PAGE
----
So the best thing to do is to find out what the market rate is in your field. Say you find out it's about $100 an hour, ask for $85 and they might give you that or come down from there.
Most agencies I've worked for have no benefits for contractors. It sounds like your wife has a full time salary and I don't think the original poster was talking about that. Her salary calculates to $22 per hour and she gets benefits, and she knows her company gets $250 per hour. It's out in the open as it should be.
The original poster and people like me are kept in the dark as to the biling rate and unscrupulous recruiters wheel and deal to get the cheapest guy to maximize their percentage rather than look for the best candidate, in my opinion and I've seen examples of it happening.
Well if you look around there are plenty of agencies that do hire contractors and have benefit packages. Kelley, TEC Systems, RTH just to name a few. I personally do not answer any unsolicited email from recruiters. Those are the ones you need to watch out for. Another thing about them is that if they get in a place and you apply on line to it, it gives them a legal standpoint to have a case against the company for hiring you and basically locks you out.
I am a contractor will skills that are in high demand. I get calls all the time from recruiters. I used to get burned by the recruiters charging as much as 100% (I was making $30/hr and they charged $60/hr - no benefits). When I found this out, I tried to renegotiate and they said no, so I quit.
Now I won't work with a company unless it is 15% or less. I will accept a little more if they offer benefits. I am now working with a company out of St. Louis that charges a flat rate of $15/hr (with benes - including a matching 401k). They have figured out what it costs them to do business (benefits, taxes, etc.) and they use that business model. I don't want to advertise for them because I don't want it to diminish my message. But suffice it to say, they are the biggest firm in StL.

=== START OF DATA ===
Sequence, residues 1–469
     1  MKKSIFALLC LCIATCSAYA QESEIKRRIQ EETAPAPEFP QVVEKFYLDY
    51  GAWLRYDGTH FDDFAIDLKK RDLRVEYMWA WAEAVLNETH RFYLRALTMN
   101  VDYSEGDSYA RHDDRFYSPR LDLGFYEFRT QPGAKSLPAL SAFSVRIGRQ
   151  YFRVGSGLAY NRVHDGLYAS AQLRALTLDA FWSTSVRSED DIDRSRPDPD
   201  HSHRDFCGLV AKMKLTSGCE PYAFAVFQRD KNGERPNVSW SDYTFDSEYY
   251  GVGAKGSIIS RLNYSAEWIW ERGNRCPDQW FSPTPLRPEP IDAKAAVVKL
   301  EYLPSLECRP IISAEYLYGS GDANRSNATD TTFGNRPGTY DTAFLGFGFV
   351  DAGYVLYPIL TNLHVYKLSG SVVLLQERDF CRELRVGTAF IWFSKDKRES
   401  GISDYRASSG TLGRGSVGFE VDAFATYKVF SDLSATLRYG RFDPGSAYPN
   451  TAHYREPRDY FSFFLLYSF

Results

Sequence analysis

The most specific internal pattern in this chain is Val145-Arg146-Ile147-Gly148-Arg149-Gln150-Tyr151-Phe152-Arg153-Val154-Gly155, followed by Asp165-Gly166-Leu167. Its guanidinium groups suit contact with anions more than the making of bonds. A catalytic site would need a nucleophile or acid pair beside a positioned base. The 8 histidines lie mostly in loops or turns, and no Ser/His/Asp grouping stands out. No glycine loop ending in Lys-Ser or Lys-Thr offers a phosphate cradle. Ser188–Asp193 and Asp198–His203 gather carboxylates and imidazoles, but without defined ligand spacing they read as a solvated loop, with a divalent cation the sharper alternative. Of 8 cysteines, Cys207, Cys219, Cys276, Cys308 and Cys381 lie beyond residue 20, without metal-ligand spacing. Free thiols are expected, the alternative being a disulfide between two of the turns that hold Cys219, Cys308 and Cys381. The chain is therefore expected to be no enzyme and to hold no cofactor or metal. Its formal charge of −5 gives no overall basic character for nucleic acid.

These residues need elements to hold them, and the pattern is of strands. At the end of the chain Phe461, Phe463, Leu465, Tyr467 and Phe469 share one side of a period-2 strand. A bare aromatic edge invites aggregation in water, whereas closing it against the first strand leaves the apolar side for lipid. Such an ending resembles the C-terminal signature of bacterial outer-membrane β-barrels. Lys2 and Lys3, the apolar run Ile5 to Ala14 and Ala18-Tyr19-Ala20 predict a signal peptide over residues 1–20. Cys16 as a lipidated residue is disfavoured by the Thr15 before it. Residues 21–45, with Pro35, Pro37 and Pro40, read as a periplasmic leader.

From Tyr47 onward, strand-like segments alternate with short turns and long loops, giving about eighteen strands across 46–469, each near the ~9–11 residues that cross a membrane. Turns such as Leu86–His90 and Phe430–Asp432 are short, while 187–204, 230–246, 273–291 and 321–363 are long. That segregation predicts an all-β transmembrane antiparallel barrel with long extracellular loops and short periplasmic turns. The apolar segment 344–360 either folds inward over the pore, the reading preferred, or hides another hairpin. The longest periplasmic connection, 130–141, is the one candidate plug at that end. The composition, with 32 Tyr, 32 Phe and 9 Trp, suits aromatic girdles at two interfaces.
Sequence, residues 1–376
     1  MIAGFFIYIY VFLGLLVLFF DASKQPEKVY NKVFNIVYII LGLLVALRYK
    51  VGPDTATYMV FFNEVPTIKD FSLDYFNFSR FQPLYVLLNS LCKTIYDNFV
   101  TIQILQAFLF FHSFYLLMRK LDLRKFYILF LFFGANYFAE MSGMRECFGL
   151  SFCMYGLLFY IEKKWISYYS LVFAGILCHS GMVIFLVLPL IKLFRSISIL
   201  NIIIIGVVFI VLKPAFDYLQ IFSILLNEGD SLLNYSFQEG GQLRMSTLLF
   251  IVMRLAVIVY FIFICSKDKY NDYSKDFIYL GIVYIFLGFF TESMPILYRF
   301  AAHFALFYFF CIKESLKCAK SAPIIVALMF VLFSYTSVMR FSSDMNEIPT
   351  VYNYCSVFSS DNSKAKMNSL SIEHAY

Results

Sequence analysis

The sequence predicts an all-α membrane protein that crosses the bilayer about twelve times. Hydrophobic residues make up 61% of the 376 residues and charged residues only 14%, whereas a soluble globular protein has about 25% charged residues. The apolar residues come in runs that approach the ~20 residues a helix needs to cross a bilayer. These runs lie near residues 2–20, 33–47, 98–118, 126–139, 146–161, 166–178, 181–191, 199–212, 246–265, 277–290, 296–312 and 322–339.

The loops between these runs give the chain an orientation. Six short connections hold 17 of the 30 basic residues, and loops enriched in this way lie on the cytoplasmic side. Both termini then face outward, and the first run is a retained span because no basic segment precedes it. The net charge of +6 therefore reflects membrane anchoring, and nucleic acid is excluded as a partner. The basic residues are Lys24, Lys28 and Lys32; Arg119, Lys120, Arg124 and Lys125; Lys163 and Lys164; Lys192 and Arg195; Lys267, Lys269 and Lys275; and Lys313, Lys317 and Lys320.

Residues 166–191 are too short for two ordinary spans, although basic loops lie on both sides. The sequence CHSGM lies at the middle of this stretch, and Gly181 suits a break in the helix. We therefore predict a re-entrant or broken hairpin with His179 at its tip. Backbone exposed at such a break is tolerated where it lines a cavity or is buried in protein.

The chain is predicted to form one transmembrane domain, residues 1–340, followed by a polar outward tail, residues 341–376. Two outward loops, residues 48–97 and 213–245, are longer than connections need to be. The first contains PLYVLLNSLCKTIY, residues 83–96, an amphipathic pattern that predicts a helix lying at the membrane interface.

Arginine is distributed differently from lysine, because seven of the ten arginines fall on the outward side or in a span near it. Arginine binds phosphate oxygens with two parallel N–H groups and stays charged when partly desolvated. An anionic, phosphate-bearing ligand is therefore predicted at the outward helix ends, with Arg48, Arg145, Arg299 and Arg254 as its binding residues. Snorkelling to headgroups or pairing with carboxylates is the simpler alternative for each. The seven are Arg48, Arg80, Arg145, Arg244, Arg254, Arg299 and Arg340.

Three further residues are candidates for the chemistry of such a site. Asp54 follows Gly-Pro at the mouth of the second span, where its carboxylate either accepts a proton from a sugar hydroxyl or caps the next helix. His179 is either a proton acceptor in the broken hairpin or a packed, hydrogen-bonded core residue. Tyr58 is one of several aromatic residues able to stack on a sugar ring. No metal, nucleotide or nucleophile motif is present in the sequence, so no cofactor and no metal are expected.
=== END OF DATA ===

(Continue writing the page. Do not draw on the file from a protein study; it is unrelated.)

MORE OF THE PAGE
If you are a good fit for the job, they will either adjust their business model for you or you will be contacted by someone else. You are in control so make the most of it!
As for the woman that works for a Big 5 (Big 3 now).... It is true that big accounting firms charge much more than the employees salary, but that is because that is their business model. It is not a surprise to anyone. I used to do that too, and I accepted it because I was a perm employee and I had the stability of working for a big company (that is, until my job was cut and I was laid-off)...
There is no doubt that recruiters will take unfair advantage, if you do not know yourself what you are worth and if they can figure out that you are either in a desperate situation or just not smart about career issues. But you can't just sit and blame them. You have to do your own homework and take your own risks if you want to get the salary you think you deserve.
15-25% of billing rate? Do you have any idea what it costs to have an employee?
Yes, tech recruiters are really nice jobs because they know that they're billing for the same number of hours that they are paying you for. Were you under the impression that their overhead is $0 and the difference is all profit? There are plenty of expenses that go with having an employee. Don't get me wrong, they shouldn't be keeping more than a third, but only 15% and they would be losing money for having the privilege of hiring you.